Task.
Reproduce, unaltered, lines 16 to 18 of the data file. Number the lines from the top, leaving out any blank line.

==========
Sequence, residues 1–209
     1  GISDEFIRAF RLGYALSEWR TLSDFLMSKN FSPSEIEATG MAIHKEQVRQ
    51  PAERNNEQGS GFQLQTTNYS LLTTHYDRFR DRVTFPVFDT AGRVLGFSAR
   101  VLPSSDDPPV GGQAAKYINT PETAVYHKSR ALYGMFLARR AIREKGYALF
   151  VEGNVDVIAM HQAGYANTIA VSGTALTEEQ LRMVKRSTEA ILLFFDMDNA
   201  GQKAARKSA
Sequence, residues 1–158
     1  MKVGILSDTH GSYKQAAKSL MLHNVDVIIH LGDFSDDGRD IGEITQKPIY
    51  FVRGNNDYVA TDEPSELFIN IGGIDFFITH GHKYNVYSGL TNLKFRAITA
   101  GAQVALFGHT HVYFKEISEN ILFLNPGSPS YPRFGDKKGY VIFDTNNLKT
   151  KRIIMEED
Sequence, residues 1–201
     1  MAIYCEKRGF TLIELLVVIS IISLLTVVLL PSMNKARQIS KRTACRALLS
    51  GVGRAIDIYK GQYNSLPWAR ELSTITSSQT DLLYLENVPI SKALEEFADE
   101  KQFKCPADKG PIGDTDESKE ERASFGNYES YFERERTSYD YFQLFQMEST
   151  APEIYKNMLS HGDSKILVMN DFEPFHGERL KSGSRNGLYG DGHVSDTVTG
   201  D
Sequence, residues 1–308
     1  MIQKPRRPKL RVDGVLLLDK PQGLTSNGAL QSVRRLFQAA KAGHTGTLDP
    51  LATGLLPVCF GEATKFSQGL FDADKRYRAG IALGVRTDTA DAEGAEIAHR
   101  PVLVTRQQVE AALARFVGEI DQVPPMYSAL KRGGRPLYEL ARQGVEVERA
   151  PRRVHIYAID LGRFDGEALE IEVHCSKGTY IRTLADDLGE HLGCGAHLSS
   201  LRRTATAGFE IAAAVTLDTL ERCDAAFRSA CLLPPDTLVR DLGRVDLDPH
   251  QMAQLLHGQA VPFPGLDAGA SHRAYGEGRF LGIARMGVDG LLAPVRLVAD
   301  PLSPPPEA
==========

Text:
   151  APEIYKNMLS HGDSKILVMN DFEPFHGERL KSGSRNGLYG DGHVSDTVTG
   201  D
Sequence, residues 1–308